Jesus said in Matthew 24:42 (NASB), ‘Therefore be on the alert, for you do not know which day your Lord is coming.’ But what if we could know when the Lord was returning? Just for the sake of discussion, let’s suppose that we could somehow know beyond a shadow of a doubt that Jesus was coming back exactly one year from today. If we knew this with complete certainty, how much of our material blessings would we give away over the next year?
If our answer to the last question is different from how much we are actually planning to give in the next twelve months, it might be good to ask ourselves why. Why would the amount I would give this year be different just because Jesus was coming back in one year instead of twenty years, or after I am already long gone? Chances are, our giving would be higher if we knew Jesus was coming back soon. There may be a number of reasons why, and it might be a good mental exercise to contemplate what those reasons are.
Reason #1: Could it be that we would be willing to make much greater material sacrifices since it would only be one short year before we would eternally relocate? In the grander scheme of eternity, twelve months is a pretty insignificant time frame. People who exercise regularly say that they are able to endure much greater physical “torture” because they know that their workout is only going to last for, say, 45 minutes, and then they can go back to a more comfortable and less demanding lifestyle. We seem to be far more willing to give something up for Lent than we are to give it up for life. We can endure many things if we know the time is limited. Might your giving increase if there was only one year left?
Reason #2: With just one year remaining, might our giving amount be different because, as the old hymn says, “the things of earth grow strangely dim in the light of His glory and grace?” As the new heaven and the new earth get closer and closer, this old one doesn’t seem quite so attractive. Think about the value of a Confederate dollar in 1861 (when the Civil War began) compared to the value of that dollar in the spring of 1865 (when the war and the Confederacy came to an end). After April of 1865, a Confederate dollar would be worthless to whoever held it. Giving Confederate dollars away just before the end of the war wouldn’t really be all that much of a gift, would it? Likewise, as the return of Christ moves closer, the “things of earth” grow more and more worthless to us because what we possess here will have absolutely no value in the next life.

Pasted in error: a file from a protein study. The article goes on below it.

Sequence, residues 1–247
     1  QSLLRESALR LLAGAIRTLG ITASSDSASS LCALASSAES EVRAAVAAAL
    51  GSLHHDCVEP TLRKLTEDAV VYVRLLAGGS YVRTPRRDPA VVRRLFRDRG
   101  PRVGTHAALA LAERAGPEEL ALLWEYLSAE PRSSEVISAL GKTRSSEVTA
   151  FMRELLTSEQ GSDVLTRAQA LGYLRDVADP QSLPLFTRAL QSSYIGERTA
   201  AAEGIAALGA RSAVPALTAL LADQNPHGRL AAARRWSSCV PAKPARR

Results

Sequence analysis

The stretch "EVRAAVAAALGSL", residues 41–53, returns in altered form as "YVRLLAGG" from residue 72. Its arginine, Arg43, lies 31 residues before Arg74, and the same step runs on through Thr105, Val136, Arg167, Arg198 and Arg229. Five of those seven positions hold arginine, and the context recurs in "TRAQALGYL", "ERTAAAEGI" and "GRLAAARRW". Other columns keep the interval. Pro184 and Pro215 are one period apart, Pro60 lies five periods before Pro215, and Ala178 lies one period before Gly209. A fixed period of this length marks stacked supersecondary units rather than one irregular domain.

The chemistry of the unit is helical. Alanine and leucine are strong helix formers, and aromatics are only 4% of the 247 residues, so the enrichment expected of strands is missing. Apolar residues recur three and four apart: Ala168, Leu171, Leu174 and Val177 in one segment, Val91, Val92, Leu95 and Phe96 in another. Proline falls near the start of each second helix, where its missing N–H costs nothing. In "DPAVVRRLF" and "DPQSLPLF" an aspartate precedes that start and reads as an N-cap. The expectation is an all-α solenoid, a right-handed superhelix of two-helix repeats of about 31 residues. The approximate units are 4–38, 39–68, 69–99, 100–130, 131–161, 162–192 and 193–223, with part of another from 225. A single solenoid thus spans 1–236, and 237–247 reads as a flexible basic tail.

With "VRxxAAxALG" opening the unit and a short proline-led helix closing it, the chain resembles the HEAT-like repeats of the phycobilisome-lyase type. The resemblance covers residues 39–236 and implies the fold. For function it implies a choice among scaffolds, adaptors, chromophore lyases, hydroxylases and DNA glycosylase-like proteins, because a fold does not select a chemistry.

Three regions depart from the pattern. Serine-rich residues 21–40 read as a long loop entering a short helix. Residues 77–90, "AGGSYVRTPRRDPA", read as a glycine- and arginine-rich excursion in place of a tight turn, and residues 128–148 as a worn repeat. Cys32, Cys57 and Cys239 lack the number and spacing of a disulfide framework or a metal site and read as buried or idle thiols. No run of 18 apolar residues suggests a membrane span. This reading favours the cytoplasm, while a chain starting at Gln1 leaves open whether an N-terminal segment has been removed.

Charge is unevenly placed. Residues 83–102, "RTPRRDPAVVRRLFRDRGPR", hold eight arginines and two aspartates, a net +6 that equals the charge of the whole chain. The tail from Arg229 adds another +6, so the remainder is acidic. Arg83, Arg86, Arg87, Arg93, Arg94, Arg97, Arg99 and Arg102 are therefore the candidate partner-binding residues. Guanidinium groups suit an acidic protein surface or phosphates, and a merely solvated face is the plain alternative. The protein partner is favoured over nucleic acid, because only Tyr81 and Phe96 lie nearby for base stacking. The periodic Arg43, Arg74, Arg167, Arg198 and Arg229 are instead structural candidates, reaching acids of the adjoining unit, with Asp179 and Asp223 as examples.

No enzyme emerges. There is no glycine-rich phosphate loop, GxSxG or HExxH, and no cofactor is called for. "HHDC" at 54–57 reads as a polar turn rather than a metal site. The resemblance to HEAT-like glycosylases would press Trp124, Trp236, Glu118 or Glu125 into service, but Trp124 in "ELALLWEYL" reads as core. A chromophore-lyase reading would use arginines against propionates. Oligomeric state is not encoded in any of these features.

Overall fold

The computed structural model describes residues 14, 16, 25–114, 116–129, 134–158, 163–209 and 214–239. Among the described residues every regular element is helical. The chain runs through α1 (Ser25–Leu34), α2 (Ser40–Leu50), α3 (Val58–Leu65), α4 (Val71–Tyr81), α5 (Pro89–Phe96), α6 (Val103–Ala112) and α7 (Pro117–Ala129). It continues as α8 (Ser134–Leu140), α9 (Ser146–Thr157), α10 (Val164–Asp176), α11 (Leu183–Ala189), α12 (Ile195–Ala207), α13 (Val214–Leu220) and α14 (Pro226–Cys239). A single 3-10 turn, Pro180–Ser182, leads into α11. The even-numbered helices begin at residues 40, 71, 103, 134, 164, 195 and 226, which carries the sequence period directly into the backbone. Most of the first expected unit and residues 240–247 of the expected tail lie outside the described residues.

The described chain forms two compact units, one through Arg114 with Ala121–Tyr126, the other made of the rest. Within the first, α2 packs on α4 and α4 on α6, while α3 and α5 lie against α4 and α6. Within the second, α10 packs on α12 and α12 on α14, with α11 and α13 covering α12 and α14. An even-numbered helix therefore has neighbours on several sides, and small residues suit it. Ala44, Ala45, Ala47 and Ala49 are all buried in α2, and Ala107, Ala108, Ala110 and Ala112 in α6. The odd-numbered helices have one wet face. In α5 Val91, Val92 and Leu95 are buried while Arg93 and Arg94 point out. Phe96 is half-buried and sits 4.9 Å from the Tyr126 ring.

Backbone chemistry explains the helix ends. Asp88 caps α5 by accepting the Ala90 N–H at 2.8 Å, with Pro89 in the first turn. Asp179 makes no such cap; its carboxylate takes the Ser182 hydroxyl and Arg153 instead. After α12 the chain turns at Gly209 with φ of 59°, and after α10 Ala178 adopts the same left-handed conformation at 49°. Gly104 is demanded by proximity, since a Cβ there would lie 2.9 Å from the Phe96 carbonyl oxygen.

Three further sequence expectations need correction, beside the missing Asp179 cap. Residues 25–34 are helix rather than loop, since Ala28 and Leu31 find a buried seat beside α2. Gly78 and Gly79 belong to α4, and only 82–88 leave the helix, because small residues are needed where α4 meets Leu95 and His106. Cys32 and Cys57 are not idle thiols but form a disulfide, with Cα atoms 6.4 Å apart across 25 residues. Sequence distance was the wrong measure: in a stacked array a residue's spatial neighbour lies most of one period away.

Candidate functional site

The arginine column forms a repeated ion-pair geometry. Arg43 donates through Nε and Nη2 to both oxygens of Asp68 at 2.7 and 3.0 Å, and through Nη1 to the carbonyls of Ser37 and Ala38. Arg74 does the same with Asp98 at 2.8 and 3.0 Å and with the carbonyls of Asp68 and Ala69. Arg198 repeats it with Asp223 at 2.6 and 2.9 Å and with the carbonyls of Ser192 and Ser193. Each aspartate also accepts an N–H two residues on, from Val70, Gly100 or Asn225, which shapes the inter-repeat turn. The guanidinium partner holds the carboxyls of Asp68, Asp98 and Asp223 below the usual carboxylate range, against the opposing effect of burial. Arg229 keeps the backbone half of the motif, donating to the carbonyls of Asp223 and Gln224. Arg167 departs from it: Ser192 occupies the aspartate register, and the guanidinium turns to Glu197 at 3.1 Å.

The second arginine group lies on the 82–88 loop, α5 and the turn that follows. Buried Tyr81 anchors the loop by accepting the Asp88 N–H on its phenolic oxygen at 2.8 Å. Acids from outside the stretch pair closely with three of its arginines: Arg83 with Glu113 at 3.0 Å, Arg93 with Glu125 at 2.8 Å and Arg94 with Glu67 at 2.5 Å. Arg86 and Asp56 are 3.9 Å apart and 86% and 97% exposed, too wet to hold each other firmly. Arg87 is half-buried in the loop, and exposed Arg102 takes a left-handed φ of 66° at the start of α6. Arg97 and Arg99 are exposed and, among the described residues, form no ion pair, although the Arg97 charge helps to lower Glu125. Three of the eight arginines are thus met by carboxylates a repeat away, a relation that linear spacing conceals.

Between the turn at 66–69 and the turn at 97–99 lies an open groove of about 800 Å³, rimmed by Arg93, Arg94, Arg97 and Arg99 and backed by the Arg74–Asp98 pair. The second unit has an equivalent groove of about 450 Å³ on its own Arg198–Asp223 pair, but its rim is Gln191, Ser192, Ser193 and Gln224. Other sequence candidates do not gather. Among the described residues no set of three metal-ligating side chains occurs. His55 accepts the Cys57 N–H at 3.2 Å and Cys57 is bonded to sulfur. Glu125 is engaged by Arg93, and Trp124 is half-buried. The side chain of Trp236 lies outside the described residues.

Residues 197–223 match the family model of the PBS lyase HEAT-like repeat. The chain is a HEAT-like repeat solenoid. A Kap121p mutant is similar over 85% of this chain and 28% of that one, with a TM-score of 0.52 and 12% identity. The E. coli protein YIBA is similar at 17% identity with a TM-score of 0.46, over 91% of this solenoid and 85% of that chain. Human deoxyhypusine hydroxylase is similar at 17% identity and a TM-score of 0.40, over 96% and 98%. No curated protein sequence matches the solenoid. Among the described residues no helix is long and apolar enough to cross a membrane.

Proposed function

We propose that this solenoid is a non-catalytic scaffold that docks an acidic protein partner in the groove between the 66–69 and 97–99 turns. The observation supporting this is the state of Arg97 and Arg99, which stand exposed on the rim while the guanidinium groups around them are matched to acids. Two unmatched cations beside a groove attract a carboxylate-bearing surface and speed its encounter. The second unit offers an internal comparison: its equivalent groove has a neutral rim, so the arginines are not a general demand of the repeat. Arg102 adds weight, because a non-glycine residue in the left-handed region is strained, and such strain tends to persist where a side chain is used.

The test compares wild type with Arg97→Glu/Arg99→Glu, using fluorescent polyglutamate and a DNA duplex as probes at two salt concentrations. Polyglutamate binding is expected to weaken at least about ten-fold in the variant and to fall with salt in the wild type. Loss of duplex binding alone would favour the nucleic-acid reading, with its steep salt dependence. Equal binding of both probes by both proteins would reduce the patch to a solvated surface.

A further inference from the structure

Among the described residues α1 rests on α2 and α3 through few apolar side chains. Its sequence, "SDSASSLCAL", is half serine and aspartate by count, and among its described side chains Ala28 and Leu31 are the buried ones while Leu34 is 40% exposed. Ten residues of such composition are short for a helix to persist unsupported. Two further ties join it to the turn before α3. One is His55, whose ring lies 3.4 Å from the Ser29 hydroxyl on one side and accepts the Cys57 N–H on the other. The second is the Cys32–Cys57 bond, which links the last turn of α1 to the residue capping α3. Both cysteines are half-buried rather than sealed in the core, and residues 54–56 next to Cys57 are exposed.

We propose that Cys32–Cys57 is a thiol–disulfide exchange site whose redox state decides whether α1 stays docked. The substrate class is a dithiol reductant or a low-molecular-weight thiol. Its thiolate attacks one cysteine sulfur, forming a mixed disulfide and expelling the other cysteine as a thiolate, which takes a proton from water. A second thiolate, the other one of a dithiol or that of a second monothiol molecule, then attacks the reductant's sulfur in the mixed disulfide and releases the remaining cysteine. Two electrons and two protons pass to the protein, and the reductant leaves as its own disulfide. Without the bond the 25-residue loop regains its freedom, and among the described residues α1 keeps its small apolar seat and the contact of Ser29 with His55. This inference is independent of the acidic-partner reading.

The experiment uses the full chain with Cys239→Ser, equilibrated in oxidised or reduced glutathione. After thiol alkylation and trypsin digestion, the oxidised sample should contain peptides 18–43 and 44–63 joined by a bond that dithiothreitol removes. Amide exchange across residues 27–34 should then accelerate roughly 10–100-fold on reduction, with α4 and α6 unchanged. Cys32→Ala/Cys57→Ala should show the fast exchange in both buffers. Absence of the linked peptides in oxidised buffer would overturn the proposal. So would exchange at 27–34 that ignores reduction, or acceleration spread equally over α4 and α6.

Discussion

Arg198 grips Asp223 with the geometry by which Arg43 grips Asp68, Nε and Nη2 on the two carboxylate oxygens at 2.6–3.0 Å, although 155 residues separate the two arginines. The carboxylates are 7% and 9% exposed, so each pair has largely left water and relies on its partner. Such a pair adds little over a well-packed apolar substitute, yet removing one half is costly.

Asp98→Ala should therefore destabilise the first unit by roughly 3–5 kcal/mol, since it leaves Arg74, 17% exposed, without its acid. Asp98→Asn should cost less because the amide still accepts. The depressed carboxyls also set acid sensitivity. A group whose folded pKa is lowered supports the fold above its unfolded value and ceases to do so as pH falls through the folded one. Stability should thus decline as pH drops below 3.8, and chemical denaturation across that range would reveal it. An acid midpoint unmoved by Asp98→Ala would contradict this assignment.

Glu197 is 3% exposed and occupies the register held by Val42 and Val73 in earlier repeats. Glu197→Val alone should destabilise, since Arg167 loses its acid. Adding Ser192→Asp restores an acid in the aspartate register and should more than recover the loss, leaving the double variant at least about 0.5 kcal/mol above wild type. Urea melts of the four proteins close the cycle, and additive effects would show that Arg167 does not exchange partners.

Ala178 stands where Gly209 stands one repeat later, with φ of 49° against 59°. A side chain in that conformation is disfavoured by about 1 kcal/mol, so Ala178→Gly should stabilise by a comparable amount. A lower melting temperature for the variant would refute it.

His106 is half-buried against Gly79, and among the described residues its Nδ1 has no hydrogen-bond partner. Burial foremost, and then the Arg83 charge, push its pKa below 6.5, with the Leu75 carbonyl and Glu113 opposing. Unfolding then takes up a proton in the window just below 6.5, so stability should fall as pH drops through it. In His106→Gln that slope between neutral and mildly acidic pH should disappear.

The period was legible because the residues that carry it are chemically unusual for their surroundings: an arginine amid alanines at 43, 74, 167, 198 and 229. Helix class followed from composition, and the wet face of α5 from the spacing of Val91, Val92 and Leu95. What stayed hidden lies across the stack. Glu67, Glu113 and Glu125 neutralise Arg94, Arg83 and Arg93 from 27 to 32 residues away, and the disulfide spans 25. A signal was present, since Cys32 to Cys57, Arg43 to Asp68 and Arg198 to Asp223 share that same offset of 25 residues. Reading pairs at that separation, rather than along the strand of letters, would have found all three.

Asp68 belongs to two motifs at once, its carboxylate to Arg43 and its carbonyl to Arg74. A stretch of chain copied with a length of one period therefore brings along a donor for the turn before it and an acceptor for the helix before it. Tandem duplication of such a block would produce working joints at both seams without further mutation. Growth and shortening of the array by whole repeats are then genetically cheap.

That is what makes the picture of the streets in Heaven being paved with gold so humorous. Gold, which is universally valued here on earth, is used by God for street pavement in Heaven. What the world values here is worthless there; and conversely, what the world considers worthless here is priceless there. Might you be more inclined to give it all away if there was only one year left?
Reason #3: Would our giving increase because sending our financial resources on ahead would be much more appealing, knowing that we would be getting a much larger reward when we get to heaven in a very short time? Jesus tells us twice that giving now produces rewards later. He says in Matthew 6:20, ‘But store up for yourselves treasures in heaven, where neither moth nor rust destroys, and where thieves do not break in or steal.’ He adds in Matthew 19:21, ‘If you wish to be complete, go and sell your possessions and give to the poor, and you will have treasure in heaven; and come, follow Me.’ Give now; be rewarded later!
We’ve all heard it said, “You can’t take it with you.” But the good news is, you can send it on ahead! If we knew that “ahead” would be only one year away and not decades or centuries away, would we see things differently? We might view the temporal “loss” of the enjoyment and security we get from these things, in comparison to the eternal gain, to be quite a compelling trade-off. Might your giving increase if there was only one year left?
Something very interesting seems to happen to our viewpoint when we shorten the timeline. How would things change for us if we knew there was only one year left of life as we know it? It’s likely that we would view the world and our place in it from a totally new perspective, while the real priorities of life would become crystal-clear within our consciousness. We might find every area of our life quickly reshuffled, creating an entirely new order of priorities. Tellingly, these new life priorities often include very little of what currently consumes much of our daily routine right now.
In life the tyranny of the urgent is constantly seeking to override the priority of the important. The tyranny of the urgent is always making noise, demanding your attention, and insisting upon being addressed immediately. The priority of the important rarely makes any noise, seldom demands attention of any kind, and never insists that you address it. Yet the most important things in life are the ones that sit silently by, waiting to see if you will ever discover just how critically important they are, and whether you will give them the time and attention they desperately need.
We seem to devote significant amounts of time for the trivial and the unimportant, often because we mistakenly believe that there will always be time for getting to the “big stuff,” the “really important stuff,” later. Well, what if there is no “later?” What if there is no “next year?” As C.T. Studd said, “Only one life, ‘twill soon be past, only what’s done for Christ will last.”
If we only had one more year to impact the Kingdom with all that God has entrusted to us, would we be living and giving differently than we are right now? If so, it might be a good spiritual and mental exercise to take some time to recalibrate our priorities in order to reflect on an eternal mission instead of a merely temporal one. This will happen if you choose to adopt a shorter timeline rather than a longer one.